Arguably this can be one of the biggest challenges for someone returning back to work. The hours for this person might be completely different to what they were before and they may struggle with the change in volume of work they can manage effectively or even responsibilities they carry.

Managing their time between childcare and work can seem relatively straight forward on paper but logistics, stress and potentially a lot of fatigue can cause a lot of stress and sometimes overwhelming.


Returning from long term sickness absence


If an employee has had a period of absence due to illness, they may return needing adjustments, retraining or even phased return.

The most important thing to discuss with the person is, are they ready to return to work? Talking it through in a meeting will help the employee to decided whether they feel ready to return to work or any worries or concerns they have about returning to work. Recommendations from medical professionals such as the employees’ doctor may help with arranging a return to work date and the activities that the person will be able to safely carry out.

Confidence may be lowered depending on the amount of time they have spent away from the workplace and conversations should be arranged to be open and honest about what the person feels they are able to do.

Reasonable adjustments may need to be made to their workplace and these will need to be in place before an employee returns to work.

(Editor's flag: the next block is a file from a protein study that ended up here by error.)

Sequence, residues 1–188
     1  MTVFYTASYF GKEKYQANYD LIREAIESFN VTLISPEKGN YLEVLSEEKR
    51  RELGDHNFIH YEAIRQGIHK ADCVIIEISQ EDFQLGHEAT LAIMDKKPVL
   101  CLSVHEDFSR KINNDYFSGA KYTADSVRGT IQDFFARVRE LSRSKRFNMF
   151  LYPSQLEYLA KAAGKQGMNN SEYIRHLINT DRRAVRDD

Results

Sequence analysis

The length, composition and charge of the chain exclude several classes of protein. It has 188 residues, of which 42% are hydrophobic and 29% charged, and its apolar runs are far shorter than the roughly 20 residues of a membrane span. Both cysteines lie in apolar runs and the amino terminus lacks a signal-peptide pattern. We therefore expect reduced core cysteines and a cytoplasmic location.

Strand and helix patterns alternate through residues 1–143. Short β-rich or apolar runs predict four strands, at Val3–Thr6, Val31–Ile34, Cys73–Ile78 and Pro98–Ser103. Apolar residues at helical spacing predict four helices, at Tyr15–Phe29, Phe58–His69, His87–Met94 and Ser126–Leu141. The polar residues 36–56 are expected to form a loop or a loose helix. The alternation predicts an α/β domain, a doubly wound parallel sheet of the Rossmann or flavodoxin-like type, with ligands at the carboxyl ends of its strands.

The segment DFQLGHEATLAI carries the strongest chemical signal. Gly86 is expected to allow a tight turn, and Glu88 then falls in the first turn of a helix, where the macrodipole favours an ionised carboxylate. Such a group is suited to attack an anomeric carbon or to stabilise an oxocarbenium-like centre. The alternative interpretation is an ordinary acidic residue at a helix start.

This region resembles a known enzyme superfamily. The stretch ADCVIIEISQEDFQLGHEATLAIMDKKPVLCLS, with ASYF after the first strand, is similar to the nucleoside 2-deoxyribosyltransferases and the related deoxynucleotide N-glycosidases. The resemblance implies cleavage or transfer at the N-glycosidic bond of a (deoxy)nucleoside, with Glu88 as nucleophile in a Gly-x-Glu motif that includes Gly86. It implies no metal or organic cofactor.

Coming back from Travelling


Some people begin their job search while they are still abroad to try and get some work lined up before they return home others may not be so organised.

If you are in the process of hiring someone who’s most recent job title is travelling around the world don’t panic. Often people will put their experiences or achievements both paid or voluntary from their travels on their CV and you should consider using these as discussion points for training and onboarding.

This person may bring a fresh approach to working processes, think outside the box and bring a welcomed injection of enthusiasm but how can you ensure they are adjusted to the demands of the workplace again?


How can you overcome these challenges?


A new job or returning to a company


Time is crucial particularly when someone is joining a new organisation. The world that surrounds us today is filled with instant reactions and you might be thinking ‘I employed this person because they said they could hit the ground running, I don’t have time for them not to’ and that may be true, but no one is that perfect! By allowing new team members time to adjust and possibly help with getting to grips with everything will benefit you more in the long term.

If you are seen to be unsympathetic or pushy it can knock or a person’s confidence or even in extreme cases make them want to leave and that creates an even bigger problem for you than before.

A thorough onboarding will help with this, perhaps giving the new employee reading or videos to watch before they even join your company may help speed things up for you. Arrange for the new person to meet with different members of the team, maybe even different management levels to help understand how to hierarchy works in this organisation.